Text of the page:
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Science Spotlights

Since the 1980s, it’s been assumed that forest soils require a long time to recover from a disturbance such as a timber harvest. The results of a 22-year monitoring study on the Kootenai National Forest counter this assumption. Certain types of forest soils showed a recovery within five to seven years following a timber harvest and subsequent fuels treatments.
Sheltered from wind and scorching heat, a seedling takes root in mature biological soil crust (photo by Neal Herbert, National Park Service).
Human activity has led to a global decline in biodiversity across all trophic levels, reducing the ability of ecosystems to maintain key functions. The loss of various species in an ecosystem has wide-reaching effects by reducing the numerous and often hidden species-species and species-environment interactions. These disruptions ultimately lead to changes and declines in the ecosystem’s functionality. 
Photo of a forest fire
The 20th Century was a period of enormous change for western forests. Fire used to maintain distinct forest vegetation communities – pine, dry mixed-conifer, mesic mixed-conifer, and spruce-fir – in close proximity to one another along steep vertical gradients in the topographically diverse forests of the American Southwest. How did these forests change in response to fire exclusion? In what ways and how rapidly? What are the consequences of...
Sampling streamwater in watersheds of the Hayman Fire
Severe wildfires remove vegetation and organic soil layers and expose watersheds to erosion which can transport large quantities of soil and ash to nearby rivers and streams. But once the burned areas have stabilized, do severe wildfires have any longer-lasting effects on watersheds or water quality? This study follows the Hayman Fire, 2002, Colorado, and shows that yes, there are long-term effects.
Male and female greater sage-grouse converge on sagebrush mating areas every year (Photo by Rick McEwan, Sage Grouse Initiative).
Every year, groups of the birds congregate at mating areas called “leks” — areas that are used every year unless they’re disrupted. Because of the location specific nature of their mating process, greater sage-grouse are particularly vulnerable to habitat disruption. 
Cattle in the arid west. Photo by Keith Weller, USDA ARS from Bugwood.org
Forage availability for grazing animals has always been vulnerable to the effects of variations of weather and climate from year–to–year, with some years and decades markedly drier than others.
Fire Danger Rating System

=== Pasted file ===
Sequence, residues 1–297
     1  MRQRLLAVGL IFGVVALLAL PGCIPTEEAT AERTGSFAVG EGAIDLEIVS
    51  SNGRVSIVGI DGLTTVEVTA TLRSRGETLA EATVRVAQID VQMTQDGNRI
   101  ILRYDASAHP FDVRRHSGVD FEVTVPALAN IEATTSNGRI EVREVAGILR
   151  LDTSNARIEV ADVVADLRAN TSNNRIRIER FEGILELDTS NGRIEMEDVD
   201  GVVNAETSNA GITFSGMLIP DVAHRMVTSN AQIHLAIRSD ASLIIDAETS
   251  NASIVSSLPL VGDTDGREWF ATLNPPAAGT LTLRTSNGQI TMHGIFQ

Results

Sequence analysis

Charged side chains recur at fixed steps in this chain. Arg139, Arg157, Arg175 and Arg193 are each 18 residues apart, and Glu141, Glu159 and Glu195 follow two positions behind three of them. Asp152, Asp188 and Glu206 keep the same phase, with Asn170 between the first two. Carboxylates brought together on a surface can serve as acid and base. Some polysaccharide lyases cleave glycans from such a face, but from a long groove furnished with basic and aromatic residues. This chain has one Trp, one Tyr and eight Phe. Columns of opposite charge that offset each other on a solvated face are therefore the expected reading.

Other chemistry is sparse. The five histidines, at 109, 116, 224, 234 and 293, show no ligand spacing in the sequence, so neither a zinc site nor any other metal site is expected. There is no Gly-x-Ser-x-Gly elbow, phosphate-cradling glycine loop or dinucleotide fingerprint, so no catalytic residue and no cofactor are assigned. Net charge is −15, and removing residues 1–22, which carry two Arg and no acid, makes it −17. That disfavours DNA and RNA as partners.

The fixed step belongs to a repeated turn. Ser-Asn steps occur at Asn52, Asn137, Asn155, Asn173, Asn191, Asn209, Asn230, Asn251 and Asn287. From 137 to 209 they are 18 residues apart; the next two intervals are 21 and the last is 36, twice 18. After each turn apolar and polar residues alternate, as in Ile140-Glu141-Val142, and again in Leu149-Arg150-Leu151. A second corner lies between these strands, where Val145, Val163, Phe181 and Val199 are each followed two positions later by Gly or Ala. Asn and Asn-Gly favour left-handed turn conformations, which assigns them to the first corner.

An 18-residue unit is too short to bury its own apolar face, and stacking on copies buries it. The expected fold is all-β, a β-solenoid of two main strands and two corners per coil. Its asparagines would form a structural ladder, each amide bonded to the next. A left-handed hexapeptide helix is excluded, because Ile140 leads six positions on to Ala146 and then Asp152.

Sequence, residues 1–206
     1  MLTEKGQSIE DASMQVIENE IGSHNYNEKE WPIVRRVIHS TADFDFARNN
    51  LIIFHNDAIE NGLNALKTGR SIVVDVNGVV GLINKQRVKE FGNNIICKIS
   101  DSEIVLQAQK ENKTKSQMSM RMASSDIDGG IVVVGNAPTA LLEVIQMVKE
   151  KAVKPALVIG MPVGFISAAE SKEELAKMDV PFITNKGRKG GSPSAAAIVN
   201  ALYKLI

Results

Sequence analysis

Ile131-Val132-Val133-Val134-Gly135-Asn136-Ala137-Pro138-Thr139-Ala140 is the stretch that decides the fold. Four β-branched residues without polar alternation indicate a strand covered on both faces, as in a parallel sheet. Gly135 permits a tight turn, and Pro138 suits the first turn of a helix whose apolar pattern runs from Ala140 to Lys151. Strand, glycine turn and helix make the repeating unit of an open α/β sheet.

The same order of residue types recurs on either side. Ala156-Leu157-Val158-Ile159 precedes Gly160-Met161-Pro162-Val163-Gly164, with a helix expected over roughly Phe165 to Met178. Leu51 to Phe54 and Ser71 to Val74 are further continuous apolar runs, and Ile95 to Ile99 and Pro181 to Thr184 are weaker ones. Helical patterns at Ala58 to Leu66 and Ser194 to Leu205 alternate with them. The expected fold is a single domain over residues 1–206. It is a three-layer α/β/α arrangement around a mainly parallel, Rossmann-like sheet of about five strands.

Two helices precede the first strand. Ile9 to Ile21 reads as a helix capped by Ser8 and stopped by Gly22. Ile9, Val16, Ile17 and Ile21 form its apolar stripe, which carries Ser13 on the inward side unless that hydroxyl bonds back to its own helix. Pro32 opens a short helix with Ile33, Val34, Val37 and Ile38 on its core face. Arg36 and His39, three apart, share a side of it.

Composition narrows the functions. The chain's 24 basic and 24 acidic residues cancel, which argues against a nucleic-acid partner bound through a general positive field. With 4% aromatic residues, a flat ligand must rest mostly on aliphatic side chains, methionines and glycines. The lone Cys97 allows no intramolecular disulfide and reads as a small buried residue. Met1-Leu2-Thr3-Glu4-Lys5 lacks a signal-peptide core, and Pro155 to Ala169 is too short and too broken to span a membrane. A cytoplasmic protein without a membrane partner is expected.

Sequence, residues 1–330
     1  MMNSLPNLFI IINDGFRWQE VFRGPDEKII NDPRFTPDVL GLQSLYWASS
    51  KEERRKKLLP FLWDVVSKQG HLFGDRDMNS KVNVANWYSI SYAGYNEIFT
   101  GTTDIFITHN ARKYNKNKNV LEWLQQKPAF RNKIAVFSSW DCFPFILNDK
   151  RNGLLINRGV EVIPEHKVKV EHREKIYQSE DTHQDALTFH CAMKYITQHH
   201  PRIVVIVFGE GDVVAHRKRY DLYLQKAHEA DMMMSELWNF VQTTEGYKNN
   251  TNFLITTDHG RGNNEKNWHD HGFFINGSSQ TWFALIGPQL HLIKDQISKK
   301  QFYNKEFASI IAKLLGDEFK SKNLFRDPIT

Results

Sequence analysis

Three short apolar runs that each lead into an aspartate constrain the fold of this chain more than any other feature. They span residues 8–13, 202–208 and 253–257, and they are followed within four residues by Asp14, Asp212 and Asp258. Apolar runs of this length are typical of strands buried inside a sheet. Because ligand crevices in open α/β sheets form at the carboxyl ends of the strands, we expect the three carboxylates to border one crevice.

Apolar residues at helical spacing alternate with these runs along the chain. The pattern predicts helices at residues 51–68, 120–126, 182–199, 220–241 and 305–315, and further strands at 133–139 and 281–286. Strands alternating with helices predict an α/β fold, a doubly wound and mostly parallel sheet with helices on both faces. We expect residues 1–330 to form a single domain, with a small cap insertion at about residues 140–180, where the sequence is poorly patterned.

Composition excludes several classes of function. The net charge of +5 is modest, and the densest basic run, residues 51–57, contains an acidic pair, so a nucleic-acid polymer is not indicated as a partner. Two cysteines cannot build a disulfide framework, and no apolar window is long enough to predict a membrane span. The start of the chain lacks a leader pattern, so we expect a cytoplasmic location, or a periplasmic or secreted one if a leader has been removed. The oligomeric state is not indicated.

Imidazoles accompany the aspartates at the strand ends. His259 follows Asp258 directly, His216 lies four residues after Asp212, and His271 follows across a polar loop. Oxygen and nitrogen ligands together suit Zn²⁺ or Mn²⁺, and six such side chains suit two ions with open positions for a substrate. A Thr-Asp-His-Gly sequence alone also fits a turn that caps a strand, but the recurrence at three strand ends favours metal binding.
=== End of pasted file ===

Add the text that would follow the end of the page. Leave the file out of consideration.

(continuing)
The National Fire Danger Rating System (NFDRS) is a system that allows fire managers to estimate today's or tomorrow's fire danger for a given area. In 2014, RMRS fire danger rating system developers sought and gained approval to update the U.S. National Fire Danger Rating System (NFDRS).
Mature bluebunch wheatgrass reproductive seed stalks just before dispersal. Photo by Francis Kilkenny
Over the last decade, decisions surrounding the provenance, or the geographic origin of a seed source, has sparked a debate whether or not to use local native or nonlocal native seed. A new paper turns a traditionally theoretical discussion into specific priority actions for researchers and practitioners involved in restoration.
A closeup shot of a lynx face
The management of Canada lynx habitat is an issue that has generated much debate and litigation across the Northern (Montana, Idaho) and Southern (Colorado, Wyoming) Rocky Mountains. This species depends almost exclusively on snowshoe hare for food during winter, and this prey species is sensitive to changes in forest composition and structure. Research conducted by scientists at the Rocky Mountain Research Station, in collaboration with...
Wildfire burn near a housing development
Wildfires are intensifying due to climate change, and more people are living in regions prone to fire. Understanding how individuals threatened by a wildfire make evacuation decisions – especially those who do not leave promptly – is necessary in order to foster public safety. Homeowners in three communities that have experienced wildfires in the United States were surveyed regarding their responses to evacuation requests.

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